MOV Parent: Get outside and take your kids with you
Did you know that West Virginia ranks as the third most forested state? Percentage-wise, only Maine and New Hampshire rank higher. West Virginia is 78 percent forest. I bring this up because I want to encourage readers to get out there and appreciate this natural resource. Research on mental health increasingly indicates that getting in touch with nature is good for the mind and soul. Someone recently told me that when she was a kid she was hiking with her aunt at Dolly Sods, and this aunt freaked out in the wilderness and ran back to the car, leaving the niece to fend for herself. While getting into nature can be anxiety provoking for some, it has a soothing and centering effect on most people.
“Greenspace” is the term often used to describe maintained or unmaintained environmental areas for public use. Greenspace includes nature preserves like McDonough Park, wilderness environments such as Wayne National Forest, and parks like City Park or Mountwood Park. North Bend Rails to Trails is also an important greenspace that is available nearby. Public health studies have shown that the more access city dwellers have to greenspace, the less anxiety and mood disorder symptoms they experience. National Geographic has highlighted several studies indicating the positive effects of being in nature on well-being. For instance, spending several hours in a nature area decreases stress and increases measures of creativity. A study found on nature.com states that spending 120 minutes a week in greenspaces is associated with better health and well-being.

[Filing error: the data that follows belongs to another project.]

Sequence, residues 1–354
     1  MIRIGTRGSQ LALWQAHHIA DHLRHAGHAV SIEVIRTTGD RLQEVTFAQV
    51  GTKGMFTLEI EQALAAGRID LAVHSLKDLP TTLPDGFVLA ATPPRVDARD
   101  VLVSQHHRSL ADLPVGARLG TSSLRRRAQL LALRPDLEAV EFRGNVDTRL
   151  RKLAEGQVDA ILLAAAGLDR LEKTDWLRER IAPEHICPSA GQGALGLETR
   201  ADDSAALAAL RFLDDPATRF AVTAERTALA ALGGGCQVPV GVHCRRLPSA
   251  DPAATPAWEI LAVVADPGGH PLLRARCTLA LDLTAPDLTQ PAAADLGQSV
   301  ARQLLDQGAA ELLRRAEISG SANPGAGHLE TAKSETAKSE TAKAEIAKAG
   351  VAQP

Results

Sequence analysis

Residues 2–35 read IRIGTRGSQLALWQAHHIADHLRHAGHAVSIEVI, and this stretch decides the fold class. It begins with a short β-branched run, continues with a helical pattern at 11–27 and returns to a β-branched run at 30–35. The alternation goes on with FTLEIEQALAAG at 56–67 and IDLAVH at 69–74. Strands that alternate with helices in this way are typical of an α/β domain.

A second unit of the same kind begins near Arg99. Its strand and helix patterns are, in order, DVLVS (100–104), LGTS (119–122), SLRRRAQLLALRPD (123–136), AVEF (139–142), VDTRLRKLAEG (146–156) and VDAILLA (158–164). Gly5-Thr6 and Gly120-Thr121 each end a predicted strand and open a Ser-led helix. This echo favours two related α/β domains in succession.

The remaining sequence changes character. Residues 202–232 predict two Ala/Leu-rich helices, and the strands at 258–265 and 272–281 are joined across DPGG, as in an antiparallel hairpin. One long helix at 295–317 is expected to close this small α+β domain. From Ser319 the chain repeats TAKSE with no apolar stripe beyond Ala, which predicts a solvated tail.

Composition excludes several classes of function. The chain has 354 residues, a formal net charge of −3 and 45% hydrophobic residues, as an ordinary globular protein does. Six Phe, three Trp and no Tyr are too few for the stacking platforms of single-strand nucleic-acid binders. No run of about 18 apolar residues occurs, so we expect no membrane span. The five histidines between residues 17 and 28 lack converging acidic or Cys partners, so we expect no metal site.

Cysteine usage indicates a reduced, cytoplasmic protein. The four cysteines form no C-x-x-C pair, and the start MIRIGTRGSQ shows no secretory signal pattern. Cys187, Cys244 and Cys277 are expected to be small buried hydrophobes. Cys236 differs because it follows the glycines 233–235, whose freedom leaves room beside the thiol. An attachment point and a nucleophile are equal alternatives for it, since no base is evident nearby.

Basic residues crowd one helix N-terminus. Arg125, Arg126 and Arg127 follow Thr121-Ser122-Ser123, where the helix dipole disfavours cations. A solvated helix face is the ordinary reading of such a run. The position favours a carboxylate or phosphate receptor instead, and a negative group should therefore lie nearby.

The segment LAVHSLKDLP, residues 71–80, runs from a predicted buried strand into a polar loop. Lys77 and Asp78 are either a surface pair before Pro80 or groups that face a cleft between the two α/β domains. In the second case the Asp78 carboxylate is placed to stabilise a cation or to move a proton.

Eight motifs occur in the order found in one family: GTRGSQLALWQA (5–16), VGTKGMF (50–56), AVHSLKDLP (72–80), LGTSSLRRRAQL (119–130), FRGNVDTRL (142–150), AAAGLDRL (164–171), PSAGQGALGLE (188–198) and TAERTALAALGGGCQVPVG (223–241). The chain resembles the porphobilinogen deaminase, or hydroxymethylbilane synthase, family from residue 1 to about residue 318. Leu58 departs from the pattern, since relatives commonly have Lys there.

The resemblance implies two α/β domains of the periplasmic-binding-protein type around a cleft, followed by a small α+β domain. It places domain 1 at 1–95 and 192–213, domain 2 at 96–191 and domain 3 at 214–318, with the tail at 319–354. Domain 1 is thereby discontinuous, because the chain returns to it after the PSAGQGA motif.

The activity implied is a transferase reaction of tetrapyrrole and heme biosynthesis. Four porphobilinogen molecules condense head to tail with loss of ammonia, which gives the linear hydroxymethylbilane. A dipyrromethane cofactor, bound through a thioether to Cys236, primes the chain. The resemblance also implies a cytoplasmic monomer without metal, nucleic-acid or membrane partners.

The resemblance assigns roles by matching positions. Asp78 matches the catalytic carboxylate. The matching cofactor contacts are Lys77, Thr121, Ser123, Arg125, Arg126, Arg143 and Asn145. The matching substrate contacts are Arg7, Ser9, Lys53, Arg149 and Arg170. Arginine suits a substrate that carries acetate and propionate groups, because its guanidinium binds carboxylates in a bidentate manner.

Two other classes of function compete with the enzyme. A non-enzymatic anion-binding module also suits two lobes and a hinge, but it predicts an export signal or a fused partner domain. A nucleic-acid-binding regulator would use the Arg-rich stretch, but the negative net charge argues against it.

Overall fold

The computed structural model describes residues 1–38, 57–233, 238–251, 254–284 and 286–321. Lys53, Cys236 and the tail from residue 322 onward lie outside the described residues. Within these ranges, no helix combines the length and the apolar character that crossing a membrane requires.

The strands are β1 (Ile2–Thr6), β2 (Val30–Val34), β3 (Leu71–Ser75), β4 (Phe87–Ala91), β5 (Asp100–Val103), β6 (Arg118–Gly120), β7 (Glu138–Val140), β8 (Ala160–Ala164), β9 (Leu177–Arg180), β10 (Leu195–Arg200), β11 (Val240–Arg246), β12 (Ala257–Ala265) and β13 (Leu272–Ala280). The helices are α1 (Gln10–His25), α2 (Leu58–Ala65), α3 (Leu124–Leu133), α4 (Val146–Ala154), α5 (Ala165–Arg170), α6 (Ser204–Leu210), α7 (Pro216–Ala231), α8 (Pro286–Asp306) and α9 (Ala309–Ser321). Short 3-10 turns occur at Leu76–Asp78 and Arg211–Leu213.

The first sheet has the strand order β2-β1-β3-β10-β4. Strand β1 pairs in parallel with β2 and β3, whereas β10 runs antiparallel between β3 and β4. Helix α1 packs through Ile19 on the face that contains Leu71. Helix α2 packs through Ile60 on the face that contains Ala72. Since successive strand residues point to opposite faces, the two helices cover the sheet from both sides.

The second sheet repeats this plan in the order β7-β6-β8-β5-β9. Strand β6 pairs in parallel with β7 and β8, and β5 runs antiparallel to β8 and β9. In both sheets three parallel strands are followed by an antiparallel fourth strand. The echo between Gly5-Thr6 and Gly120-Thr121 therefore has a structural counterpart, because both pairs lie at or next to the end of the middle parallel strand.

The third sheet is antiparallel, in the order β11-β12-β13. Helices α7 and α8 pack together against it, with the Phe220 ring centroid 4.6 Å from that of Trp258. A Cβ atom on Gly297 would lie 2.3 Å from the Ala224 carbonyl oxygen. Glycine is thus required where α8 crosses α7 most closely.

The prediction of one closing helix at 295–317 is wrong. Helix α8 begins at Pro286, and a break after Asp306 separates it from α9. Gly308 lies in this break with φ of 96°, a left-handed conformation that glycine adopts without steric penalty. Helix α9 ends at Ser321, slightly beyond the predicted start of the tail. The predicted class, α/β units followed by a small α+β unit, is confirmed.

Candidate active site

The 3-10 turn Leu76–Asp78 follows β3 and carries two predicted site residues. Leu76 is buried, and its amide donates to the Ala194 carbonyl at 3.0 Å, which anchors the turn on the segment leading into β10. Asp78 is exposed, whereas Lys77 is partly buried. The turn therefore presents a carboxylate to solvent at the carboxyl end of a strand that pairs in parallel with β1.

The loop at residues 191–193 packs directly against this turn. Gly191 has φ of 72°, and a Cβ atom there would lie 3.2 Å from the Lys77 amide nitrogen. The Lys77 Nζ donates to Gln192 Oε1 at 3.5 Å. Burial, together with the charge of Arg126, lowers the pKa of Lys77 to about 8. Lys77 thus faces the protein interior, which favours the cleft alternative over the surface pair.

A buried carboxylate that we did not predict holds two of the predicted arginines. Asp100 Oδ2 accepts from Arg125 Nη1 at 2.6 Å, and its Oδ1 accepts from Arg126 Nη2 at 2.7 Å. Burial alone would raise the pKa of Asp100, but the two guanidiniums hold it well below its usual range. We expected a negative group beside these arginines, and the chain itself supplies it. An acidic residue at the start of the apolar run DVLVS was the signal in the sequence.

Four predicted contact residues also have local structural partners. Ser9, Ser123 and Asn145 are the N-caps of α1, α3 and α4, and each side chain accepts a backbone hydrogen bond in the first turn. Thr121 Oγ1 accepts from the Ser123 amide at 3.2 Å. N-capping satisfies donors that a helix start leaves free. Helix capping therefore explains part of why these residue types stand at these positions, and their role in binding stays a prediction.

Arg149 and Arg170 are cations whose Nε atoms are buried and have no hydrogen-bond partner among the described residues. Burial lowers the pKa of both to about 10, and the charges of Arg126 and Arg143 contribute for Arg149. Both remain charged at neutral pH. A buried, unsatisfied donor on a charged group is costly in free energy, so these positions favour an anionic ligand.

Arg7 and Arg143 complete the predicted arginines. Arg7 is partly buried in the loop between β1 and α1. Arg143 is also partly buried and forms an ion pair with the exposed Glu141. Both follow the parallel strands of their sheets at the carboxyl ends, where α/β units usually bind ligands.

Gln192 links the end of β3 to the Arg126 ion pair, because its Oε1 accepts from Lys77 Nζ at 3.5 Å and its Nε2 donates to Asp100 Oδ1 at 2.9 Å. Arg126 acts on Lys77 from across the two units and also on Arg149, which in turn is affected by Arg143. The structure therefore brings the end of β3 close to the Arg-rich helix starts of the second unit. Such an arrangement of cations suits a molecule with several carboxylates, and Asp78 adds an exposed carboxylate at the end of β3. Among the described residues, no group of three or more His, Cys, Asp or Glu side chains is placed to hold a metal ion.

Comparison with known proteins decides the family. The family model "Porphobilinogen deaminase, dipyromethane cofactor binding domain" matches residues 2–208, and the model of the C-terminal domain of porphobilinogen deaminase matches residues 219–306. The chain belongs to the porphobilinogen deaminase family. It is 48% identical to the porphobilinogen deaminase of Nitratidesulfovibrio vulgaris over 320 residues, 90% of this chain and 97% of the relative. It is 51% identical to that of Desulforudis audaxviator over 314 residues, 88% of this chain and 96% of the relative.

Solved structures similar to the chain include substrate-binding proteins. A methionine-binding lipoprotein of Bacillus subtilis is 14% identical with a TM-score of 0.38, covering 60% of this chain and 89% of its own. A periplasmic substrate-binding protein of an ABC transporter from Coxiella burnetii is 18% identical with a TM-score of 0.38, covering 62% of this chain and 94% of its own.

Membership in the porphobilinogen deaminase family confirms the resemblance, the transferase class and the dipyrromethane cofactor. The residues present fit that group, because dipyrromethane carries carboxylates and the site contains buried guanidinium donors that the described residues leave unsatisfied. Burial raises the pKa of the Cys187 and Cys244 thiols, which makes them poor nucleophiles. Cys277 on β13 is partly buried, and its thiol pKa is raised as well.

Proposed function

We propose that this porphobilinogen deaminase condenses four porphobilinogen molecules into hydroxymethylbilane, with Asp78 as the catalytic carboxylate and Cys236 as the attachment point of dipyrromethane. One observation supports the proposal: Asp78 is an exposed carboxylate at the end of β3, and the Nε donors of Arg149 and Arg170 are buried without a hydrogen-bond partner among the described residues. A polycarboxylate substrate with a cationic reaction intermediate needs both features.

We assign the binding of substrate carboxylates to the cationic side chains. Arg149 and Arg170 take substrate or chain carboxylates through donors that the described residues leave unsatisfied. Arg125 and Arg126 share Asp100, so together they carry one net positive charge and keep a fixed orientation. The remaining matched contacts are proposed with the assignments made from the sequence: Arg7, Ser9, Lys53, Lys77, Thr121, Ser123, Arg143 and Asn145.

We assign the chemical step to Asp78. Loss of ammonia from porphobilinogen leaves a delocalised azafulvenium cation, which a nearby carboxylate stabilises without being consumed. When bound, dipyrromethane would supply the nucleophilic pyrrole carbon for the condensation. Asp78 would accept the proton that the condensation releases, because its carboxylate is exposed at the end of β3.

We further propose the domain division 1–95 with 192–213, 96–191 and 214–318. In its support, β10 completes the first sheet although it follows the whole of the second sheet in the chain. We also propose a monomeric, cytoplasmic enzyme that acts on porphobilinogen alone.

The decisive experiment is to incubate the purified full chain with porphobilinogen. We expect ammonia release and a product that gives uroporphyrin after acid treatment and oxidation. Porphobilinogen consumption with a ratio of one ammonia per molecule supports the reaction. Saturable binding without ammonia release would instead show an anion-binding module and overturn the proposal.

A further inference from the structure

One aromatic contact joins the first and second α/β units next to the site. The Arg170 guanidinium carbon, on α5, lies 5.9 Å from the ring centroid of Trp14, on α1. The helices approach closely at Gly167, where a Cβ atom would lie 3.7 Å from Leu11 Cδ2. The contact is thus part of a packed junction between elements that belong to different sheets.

While we may be surrounded by greenspace, its obvious we don’t take advantage of it nearly enough. We have an epidemic of obesity, depression and addiction in our state. Yet at the same time we have a proven treatment that is free for the taking. Addiction research has found that increased exposure to greenspaces is associated with reduction in drug and alcohol cravings. Mental health goes up when people get outside and away from their screens. This is ever more important during the pandemic, as we’ve had to be on screens so much more for work and school.
Just in the last few years, Japan has seemingly rediscovered the benefits of leaving the city to engage in what they call “forest bathing” or shinrin-yoku. This Japanese phenomenon is catching on with city-dwellers worldwide and they are finding that turning off electronics, tuning in to their five senses and dropping in to greenspaces is lowering cortisol and blood pressure and boosting their immune systems. People in New York City are paying hundreds of dollars to have “forest therapists” take them on walks in the woods! I think most West Virginians would find that idea comical. But ask yourself this; when’s the last time you and your family turned off, tuned in and dropped into nature?
Patrick Ward is a marriage and family therapist. Contact him at firstname.lastname@example.org.